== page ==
Mixing state and compositional effects on CCN activity and droplet growth kinetics of size-resolved CCN in an urban environment
- 1School of Chemical and Biomolecular Engineering, Georgia Institute of Technology, Atlanta, GA, USA
- 2School of Earth and Atmospheric Sciences, Georgia Institute of Technology, Atlanta, GA, USA
- *present address: Department of Civil and Environmental Engineering, Tufts University, Medford, MA, USA
- **present address: Physical Research Laboratory, Ahmedabad, India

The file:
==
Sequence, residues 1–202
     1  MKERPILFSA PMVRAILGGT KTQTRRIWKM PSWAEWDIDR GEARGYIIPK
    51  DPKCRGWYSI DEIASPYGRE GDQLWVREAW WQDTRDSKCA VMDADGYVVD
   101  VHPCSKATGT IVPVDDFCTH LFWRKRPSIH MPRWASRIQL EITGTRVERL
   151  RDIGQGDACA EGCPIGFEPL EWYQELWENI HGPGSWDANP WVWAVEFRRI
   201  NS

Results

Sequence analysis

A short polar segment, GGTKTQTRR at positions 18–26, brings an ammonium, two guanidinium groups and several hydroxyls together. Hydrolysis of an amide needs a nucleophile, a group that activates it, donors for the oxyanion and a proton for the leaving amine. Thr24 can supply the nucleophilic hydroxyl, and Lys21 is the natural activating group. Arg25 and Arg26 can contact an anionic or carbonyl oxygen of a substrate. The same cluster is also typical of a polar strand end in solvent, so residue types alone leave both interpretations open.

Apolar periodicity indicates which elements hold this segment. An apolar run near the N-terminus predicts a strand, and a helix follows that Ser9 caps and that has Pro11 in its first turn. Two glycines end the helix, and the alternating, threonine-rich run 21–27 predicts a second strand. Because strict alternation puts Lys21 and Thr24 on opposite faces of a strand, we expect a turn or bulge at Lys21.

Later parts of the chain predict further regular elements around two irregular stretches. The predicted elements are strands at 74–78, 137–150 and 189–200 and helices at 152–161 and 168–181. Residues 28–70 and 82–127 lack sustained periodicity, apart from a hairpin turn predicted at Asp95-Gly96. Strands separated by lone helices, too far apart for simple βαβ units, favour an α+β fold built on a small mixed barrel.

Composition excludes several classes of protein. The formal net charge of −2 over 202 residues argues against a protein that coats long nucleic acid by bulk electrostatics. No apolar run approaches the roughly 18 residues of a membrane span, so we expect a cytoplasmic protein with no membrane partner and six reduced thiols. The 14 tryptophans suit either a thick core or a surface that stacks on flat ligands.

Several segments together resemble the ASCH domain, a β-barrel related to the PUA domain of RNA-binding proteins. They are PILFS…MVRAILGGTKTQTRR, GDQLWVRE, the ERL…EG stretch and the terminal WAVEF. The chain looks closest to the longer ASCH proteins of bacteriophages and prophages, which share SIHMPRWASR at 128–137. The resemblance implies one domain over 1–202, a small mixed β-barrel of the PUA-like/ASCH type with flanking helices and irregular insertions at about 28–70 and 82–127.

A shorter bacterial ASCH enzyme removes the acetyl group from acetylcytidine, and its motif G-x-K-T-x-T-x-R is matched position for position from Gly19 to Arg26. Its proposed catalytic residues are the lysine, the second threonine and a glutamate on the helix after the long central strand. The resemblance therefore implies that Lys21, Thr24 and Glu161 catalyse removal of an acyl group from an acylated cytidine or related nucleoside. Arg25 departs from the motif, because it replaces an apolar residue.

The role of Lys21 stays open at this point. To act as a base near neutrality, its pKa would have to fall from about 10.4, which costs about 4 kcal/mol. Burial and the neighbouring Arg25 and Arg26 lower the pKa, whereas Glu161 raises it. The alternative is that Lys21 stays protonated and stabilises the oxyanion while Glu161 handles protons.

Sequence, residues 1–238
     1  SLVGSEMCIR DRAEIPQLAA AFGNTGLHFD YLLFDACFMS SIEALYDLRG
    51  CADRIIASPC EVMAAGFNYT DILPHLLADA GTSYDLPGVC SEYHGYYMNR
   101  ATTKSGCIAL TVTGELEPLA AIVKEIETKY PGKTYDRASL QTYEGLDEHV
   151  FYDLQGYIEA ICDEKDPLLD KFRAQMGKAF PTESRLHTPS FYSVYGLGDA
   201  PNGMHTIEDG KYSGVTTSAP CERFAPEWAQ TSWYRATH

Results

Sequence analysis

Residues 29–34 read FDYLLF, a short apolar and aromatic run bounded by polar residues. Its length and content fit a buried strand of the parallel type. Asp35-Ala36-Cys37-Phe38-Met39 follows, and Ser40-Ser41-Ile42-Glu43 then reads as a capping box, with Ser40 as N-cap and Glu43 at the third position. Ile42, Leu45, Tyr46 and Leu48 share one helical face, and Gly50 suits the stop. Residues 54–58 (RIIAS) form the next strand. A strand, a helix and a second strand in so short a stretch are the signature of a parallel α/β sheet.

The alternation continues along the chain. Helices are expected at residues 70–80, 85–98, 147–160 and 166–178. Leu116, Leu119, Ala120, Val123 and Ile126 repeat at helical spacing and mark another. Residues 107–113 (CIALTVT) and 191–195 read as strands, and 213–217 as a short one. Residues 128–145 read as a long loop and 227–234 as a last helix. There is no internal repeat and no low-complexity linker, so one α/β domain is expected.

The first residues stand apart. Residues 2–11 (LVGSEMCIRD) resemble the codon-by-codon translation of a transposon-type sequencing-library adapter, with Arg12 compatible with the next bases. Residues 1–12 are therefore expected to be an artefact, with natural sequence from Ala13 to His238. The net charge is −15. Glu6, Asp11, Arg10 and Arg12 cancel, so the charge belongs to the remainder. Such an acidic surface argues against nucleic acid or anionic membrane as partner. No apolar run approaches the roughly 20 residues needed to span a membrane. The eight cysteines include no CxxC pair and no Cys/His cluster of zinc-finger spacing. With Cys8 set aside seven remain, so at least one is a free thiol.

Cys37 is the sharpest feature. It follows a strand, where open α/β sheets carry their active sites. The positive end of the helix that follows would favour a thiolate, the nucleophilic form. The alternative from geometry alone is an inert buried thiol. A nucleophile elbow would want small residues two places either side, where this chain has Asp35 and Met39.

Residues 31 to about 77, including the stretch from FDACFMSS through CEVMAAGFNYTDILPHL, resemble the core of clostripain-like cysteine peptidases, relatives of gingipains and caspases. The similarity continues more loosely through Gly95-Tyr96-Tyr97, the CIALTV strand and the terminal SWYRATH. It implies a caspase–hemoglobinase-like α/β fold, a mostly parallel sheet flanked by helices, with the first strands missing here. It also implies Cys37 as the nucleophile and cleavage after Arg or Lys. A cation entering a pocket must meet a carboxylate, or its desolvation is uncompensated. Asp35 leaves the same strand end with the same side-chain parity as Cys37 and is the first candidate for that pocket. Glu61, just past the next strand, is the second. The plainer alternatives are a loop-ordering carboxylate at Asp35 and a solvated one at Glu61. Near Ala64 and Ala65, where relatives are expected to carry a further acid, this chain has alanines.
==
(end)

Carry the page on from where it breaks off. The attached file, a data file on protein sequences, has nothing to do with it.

Abstract. Aerosol composition and mixing state near anthropogenic sources can be highly variable and can challenge predictions of cloud condensation nuclei (CCN). The impacts of chemical composition on CCN activation kinetics is also an important, but largely unknown, aspect of cloud droplet formation. Towards this, we present in-situ size-resolved CCN measurements carried out during the 2008 summertime August Mini Intensive Gas and Aerosol Study (AMIGAS) campaign in Atlanta, GA. Aerosol chemical composition was measured by two particle-into-liquid samplers measuring water-soluble inorganic ions and total water-soluble organic carbon. Size-resolved CCN data were collected using the Scanning Mobility CCN Analysis (SMCA) method and were used to obtain characteristic aerosol hygroscopicity distributions, whose breadth reflects the aerosol compositional variability and mixing state. Knowledge of aerosol mixing state is important for accurate predictions of CCN concentrations and that the influence of an externally-mixed, CCN-active aerosol fraction varies with size from 31% for particle diameters less than 40 nm to 93% for accumulation mode aerosol during the day. Assuming size-dependent aerosol mixing state and size-invariant chemical composition decreases the average CCN concentration overprediction (for all but one mixing state and chemical composition scenario considered) from over 190–240% to less than 20%. CCN activity is parameterized using a single hygroscopicity parameter, κ, which averages to 0.16 ± 0.07 for 80 nm particles and exhibits considerable variability (from 0.03 to 0.48) throughout the study period. Particles in the 60–100 nm range exhibited similar hygroscopicity, with a κ range for 60 nm between 0.06–0.076 (mean of 0.18 ± 0.09). Smaller particles (40 nm) had on average greater κ, with a range of 0.20–0.92 (mean of 0.3 ± 0.12). Analysis of the droplet activation kinetics of the aerosol sampled suggests that most of the CCN activate as rapidly as calibration aerosol, suggesting that aerosol composition exhibits a minor (if any) impact on CCN activation kinetics.